“We kind of grew along with it,” Thomas said. “It’s a really nice friendly little market. We’re also down at the Haymarket in Lincoln, but it’s touristy, This (Florence Mill) is more of a real, live food market.”

Thomas is the third-generation operator of his family farm but now that he and his wife are nearing retirement they’re backing off full-scale farming “to do more of this.” “I like the interchange with the people. I guess you’d say its our social because out in the boondocks you never see anybody. The thing about Florence is that you get everybody. It’s really varied.”

That variation extends to fellow vendors, including Mai Thao and her husband. The immigrants from Thailand grow exquisite vegetables and herbs

“They came towards end of the first season and they’ve always been there since,” Meigs said.

Then there’s Gatewood’s “down home” Mississippi-style barbecue. He learned to cook from his mother. He makes his own sausage and head-cheese. He grows and cooks some mean collard greens.

Gatewood said, “I make my own everything.”

“I call him “Sir Lawrence,” Meigs said. “He’s come for the last three years. He smokes his meats and beans right there. He grills corn on the cob.”

Gatewood gets his grill and smoker going early in the morning. By lunchtime, the sweet, smokey aroma is hard for public patrons and fellow vendors to resist.

“He’s a real character and he puts out a real good product,” said Thomas.

Kesa Kenny, chef-owner of Finicky Frank’s Cafe, “does tailgate food at the market,” said Meigs. “She goes around and buys vegetables from the vendors and then makes things right on the spot. She makes her own salsa and guacamole and things. You never know what she’s going to make or bring. She’s very creative.”

Kenny’s sampler market dishes have also included a fresh radish salad, a roasted vegetable stock topped, pho-style, with chopped fresh vegetables, and a creamy butter bean spread. She said she wants people “to see how simple it is” to create scrumptious, nutritious dishes from familiar, fresh ingredients on hand.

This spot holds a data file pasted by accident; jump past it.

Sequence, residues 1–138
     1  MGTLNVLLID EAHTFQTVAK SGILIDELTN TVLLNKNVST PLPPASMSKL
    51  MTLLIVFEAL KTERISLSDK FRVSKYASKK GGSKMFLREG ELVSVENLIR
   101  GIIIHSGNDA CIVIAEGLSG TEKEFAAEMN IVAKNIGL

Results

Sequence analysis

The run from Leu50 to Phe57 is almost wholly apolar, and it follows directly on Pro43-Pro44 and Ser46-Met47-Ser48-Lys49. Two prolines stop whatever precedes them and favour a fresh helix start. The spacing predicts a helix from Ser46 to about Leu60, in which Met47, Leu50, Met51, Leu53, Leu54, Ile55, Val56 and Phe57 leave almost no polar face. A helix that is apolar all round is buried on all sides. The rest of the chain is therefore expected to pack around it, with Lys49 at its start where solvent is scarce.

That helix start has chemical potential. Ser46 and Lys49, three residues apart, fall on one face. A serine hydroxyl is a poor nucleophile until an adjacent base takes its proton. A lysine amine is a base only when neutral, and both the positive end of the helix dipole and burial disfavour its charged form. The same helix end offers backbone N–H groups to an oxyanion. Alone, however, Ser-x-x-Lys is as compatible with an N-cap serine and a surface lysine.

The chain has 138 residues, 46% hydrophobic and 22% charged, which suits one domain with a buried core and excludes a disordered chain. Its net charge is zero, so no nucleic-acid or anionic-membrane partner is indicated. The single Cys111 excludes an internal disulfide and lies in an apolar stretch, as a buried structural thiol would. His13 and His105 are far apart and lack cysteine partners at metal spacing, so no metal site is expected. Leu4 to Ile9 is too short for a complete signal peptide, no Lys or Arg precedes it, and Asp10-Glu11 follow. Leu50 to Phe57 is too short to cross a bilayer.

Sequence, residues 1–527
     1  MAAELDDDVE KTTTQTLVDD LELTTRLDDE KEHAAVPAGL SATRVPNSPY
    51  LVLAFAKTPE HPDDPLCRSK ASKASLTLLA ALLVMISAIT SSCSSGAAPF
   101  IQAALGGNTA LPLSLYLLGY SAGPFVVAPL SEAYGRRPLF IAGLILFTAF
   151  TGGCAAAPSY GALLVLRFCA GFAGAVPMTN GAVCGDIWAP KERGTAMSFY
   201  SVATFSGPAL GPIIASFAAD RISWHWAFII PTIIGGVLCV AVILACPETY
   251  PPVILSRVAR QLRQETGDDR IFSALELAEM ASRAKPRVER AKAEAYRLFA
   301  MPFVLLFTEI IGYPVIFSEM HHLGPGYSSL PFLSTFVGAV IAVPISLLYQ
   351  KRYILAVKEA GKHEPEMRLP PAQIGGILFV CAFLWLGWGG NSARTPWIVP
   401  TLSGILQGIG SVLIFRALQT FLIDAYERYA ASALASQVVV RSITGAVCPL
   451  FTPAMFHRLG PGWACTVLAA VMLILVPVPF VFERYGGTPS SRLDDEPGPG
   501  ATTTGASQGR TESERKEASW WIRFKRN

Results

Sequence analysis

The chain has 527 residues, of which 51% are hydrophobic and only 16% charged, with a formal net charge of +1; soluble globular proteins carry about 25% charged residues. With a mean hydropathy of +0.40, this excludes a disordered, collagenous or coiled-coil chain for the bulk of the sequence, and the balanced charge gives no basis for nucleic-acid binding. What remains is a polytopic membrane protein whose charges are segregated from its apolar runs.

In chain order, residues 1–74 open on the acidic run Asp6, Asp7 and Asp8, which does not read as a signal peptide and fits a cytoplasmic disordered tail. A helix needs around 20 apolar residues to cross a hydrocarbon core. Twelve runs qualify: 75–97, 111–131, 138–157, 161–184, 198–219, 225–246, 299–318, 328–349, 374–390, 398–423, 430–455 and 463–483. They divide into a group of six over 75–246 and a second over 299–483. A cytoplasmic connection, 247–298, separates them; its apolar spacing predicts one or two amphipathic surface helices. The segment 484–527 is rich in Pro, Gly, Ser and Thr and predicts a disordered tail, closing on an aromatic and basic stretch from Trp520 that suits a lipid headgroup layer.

“From a farmers market you could eat all summer long for pennies,” Kenny said.

More than a vendor, Kenny’s a buyer.

“She’s very supportive,” Meigs said. “For years, she’s bought her vegetables for her restaurant from the market.”

“It’s so wonderful to have that available,” Kenny said.

 

 

 

 

 

 

 

 

 

 

 

 

 

 

 

 

 

Meigs said that Kenny embodies the market’s sense of community.

“She comes down to the market and does this cooking without advertising her own restaurant. I told her, ‘You need to tell people you’re Kesa of Finicky Franks,’ and she said, ‘No, I’m not doing this to advertise my restaurant, I’m doing this to support the market and to be part of the fun.’ That’s a pretty unique attitude.”

“Kesa’s also an artist. She I knew each other back at the Artists Cooperative Gallery in the Old Market. She quit to open a cafe-coffee shop and I quit to do an art project and then got the mill instead. It’s funny that we have reconnected in Florence.”

Jim Thomas likes that the market coincides with exhibits at the ArtLoft Gallery, which he said provides exposure to the art scene he and his wife otherwise don’t get.

“I really enjoy the artsy people and the crafts people. They’re so creative. I guess what I’m saying is for us it isn’t about the food as much as it is about the people.”